The motion court denied the motion as to the breach of contract claim and granted it as to the fraud, unjust enrichment and negligent misrepresentation claims.

Both parties appealed.

The Court’s Holding

The First Department modified the motion court’s order as to the fraud claim, in that it reinstated part of the claim.

With regard to the $100 million investment in 2018, the Court held that the fraud claim duplicated the breach of contract claim. Slip Op. at *1 (“To the extent the fraud claim alleges that plaintiffs invested a total of $100 million in 2018 based on defendant’s false and misleading statements made on January 18, 2018, March 2, 2018, and April 16, 2018, representing there was no Project Delay, the claim is duplicative of the breach of contract claim.”) (citations omitted). 

With regard to the $50 million investment in 2017, the Court held that the fraud claim did not duplicate the contract claim. Id. The Court reasoned that the fraud claim was predicated on representations that were “not alleged in the breach of contract claim and [were] not covered by the Commitment Letters.” Id. 

The Court also held that the motion court erred in dismissing the fraud claim for failing to plead fraud with particularity under CPLR § 3016(b). Id. at *1-*2. The Court found that plaintiffs provided “‘specific facts from which it [was] possible to infer defendant’s knowledge of the falsity of its statements,’ including that the dangers and extensive violations of regulations and laws would result in delay beyond July 1, 2018.” Id. at *2 (quoting Houbigant, Inc. v Deloitte & Touche, 303 A.D.2d 92, 99 (1st Dept. 2003); other citation omitted). The Court explained that the complaint

alleges that at meetings in Pennsylvania on August 23 and 24, 2017, defendant’s Director — Business Development made false, misleading, and incomplete statements to plaintiffs’ representatives that the pipeline was on track to be fully complete by January 2018 and ready for commercial service by July 1, 2018, when defendant knew it was not on track. It also includes factual allegations that allow the inference that defendant knew those representations were false, including that defendant knew since 2015 that the area near the site of the September 2018 explosion included a landslide area with “dangerous and unstable hillslope terrain,” and that the Pennsylvania DEP’s January 2020 consent order noted that as early as January 2016, defendant knew the area had a “high susceptibility to slope failure” but did not disclose that issue to its engineers or correct it.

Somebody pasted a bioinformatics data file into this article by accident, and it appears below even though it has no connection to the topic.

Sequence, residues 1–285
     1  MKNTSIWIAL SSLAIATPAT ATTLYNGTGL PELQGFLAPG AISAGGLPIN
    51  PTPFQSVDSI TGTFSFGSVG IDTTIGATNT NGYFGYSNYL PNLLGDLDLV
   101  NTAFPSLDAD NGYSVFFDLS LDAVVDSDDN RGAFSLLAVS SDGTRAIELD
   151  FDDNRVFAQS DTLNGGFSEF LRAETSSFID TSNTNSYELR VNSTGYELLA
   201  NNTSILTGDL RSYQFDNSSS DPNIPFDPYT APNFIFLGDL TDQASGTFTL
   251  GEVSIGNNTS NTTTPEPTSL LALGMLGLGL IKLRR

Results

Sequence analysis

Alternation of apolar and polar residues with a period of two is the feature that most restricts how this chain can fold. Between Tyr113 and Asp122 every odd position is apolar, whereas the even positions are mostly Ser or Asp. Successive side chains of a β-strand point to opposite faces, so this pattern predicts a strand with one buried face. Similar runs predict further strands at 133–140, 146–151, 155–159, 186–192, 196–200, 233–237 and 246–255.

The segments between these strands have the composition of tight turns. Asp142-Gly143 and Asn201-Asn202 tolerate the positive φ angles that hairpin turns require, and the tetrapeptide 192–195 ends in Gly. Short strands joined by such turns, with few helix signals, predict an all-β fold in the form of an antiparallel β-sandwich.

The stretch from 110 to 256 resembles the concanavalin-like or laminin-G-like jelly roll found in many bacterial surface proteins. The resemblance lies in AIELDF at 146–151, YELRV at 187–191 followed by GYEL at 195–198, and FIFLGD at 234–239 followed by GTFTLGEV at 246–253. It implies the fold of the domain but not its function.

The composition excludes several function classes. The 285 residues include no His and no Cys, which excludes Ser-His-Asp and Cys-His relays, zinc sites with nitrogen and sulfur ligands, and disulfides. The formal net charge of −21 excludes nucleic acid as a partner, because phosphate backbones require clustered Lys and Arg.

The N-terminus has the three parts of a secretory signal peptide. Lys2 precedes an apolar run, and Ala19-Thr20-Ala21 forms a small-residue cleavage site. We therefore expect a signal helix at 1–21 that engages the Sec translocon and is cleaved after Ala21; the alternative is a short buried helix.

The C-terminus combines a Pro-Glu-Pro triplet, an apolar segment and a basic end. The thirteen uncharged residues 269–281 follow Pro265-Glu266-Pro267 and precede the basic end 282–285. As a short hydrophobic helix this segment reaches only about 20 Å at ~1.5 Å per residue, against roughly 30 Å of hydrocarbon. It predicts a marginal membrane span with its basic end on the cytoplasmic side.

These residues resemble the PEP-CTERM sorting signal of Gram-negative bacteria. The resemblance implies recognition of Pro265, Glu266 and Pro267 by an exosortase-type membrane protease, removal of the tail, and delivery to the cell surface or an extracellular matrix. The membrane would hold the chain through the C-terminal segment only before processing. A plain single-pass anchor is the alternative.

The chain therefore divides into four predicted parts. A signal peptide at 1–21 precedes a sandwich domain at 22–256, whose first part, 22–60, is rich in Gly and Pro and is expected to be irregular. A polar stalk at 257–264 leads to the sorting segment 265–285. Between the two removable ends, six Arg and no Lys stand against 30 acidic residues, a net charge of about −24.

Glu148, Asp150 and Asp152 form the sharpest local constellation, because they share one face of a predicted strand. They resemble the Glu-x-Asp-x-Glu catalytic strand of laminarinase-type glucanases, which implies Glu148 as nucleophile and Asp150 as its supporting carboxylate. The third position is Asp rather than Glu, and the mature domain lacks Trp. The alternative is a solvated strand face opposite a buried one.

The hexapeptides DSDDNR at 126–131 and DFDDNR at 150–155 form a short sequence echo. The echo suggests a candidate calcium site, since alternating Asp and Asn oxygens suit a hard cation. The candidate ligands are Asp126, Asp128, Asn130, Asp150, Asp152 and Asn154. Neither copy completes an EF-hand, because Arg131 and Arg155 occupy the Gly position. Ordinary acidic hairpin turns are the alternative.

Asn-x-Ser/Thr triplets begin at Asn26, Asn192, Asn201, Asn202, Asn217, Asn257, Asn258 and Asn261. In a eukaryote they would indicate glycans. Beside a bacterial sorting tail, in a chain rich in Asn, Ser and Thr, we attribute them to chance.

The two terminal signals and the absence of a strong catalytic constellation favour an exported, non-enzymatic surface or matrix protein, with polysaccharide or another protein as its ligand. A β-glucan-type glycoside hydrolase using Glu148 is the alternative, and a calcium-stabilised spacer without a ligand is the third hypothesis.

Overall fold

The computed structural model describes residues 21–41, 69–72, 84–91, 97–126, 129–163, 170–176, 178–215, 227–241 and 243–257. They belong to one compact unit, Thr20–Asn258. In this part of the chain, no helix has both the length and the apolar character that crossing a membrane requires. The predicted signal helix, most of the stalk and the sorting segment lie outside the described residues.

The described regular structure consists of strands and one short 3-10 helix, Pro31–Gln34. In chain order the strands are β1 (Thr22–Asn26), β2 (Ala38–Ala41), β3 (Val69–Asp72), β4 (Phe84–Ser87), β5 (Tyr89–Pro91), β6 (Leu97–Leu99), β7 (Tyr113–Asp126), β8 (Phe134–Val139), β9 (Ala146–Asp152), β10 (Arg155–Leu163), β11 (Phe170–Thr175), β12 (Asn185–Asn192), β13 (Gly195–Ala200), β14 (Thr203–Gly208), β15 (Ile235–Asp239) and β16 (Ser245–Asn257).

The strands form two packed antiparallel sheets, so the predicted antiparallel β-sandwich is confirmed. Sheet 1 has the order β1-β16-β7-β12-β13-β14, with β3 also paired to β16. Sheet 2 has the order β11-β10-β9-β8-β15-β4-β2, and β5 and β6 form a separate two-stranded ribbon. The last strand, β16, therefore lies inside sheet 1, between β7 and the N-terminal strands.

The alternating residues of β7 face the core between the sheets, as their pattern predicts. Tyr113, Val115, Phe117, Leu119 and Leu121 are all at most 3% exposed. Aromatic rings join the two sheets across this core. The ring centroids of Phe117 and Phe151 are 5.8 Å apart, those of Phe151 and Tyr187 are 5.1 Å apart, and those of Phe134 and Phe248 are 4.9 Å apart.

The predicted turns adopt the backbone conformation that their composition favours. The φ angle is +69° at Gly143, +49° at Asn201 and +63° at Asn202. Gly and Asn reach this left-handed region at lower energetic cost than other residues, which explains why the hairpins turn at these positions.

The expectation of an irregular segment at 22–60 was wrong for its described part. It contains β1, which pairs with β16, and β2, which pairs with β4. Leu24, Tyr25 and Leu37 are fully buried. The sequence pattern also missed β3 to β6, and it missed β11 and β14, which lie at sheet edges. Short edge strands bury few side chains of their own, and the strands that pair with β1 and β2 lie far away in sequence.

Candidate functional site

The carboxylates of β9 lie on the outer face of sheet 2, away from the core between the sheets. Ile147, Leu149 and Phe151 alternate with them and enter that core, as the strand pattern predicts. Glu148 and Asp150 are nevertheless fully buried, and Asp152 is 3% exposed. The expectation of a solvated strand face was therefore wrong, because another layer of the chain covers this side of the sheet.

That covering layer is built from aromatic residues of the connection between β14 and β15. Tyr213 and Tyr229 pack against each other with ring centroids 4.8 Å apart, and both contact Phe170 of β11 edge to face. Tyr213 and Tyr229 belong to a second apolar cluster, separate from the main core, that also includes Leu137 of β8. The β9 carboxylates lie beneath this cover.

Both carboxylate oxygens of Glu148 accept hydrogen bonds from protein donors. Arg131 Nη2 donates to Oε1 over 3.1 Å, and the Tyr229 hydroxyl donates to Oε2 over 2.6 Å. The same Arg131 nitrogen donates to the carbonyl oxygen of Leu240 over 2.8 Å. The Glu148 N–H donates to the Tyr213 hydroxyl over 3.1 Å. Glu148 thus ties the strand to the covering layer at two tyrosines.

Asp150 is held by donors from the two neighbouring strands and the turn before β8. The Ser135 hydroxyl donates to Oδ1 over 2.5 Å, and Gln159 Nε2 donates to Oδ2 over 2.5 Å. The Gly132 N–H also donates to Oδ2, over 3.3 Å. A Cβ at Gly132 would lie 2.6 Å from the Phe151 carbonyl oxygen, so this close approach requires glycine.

Id. at *2.

The Court held that the foregoing allegations satisfied “CPLR 3016(b)’s purpose, ‘to inform a defendant with respect to the incidents complained of.’” Id. (quoting Pludeman v. Northern Leasing Sys., Inc., 10 N.Y.3d 486, 491 (2008)). 

In Pludeman, the New York Court of Appeals “cautioned that section 3016 (b) should not be so strictly interpreted as to prevent an otherwise valid cause of action in situations where it may be impossible to state in detail the circumstances constituting a fraud.” 10 N.Y.3d at 491. Thus, where “it would work a potentially unnecessary injustice to dismiss a case at an early stage where any pleading deficiency might be cured later in the proceedings,” the courts should deny a dismissal motion. Id. at 491-92 (internal quotation marks and citations omitted). (citation and quotation marks omitted). In other words, a pleading satisfies CPLR § 3016(b) “when the facts are sufficient to permit a reasonable inference of the alleged conduct.” Id. at 492; accord Eurycleia Partners, LP v. Seward & Kissel, LLP, 12 N.Y.3d 553, 559 (2009); Epiphany Cmty. Nursery Sch. v. Levey, 171 A.D.3d 1, 9 (1st Dept. 2019).

The First Department also held that plaintiffs were “not required to plead damages for fraud with particularity.” Slip Op. at *2 (citing Solomon Capital, LLC v. Lion Biotechnologies, Inc., 171 A.D.3d 467, 469 (1st Dept. 2019)).

Takeaway

GSCP makes clear how facts and the degree of specificity with which those facts are alleged matter, both in terms of the duplication of claims doctrine and the particularity requirement under CPLR § 3016(b). 

As to the former, plaintiffs were able to plead facts showing the existence of an independent tort that was not bound up in their breach of contract claim. For that reason, the First Department was able to make the distinction between the fraud claim for events both before and during 2018.

As to the latter, the Court found, without explicitly saying so, that plaintiffs adequately described the “who, what, when, where, and how” of the fraud, or “the first paragraph of any newspaper story.” United States ex rel. Lubsy v. Rolls-Royce Corp., 570 F.3d 849, 853 (7th Cir. 2009) (internal quotation marks omitted). They provided “specific facts from which it [was] possible to infer defendant’s knowledge of the falsity of its statements.” Slip Op. at *2. Since the complaint sufficed “to inform … defendants with respect to the incidents complained of” (Pludeman, 10 N.Y.3d at 491), the Court found that plaintiffs satisfied the overarching purpose of CPLR § 3016(b): to give defendants notice of the alleged fraud.